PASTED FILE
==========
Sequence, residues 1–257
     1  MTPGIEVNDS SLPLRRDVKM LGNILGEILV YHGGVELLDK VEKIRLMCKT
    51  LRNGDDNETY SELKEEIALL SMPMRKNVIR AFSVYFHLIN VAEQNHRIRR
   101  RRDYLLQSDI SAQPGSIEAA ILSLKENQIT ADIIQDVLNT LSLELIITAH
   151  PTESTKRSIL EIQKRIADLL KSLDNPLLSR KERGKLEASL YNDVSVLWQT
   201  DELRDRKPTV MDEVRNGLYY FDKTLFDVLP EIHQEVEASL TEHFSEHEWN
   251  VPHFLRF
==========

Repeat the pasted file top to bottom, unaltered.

Sequence, residues 1–257
     1  MTPGIEVNDS SLPLRRDVKM LGNILGEILV YHGGVELLDK VEKIRLMCKT
    51  LRNGDDNETY SELKEEIALL SMPMRKNVIR AFSVYFHLIN VAEQNHRIRR
   101  RRDYLLQSDI SAQPGSIEAA ILSLKENQIT ADIIQDVLNT LSLELIITAH
   151  PTESTKRSIL EIQKRIADLL KSLDNPLLSR KERGKLEASL YNDVSVLWQT
   201  DELRDRKPTV MDEVRNGLYY FDKTLFDVLP EIHQEVEASL TEHFSEHEWN
   251  VPHFLRF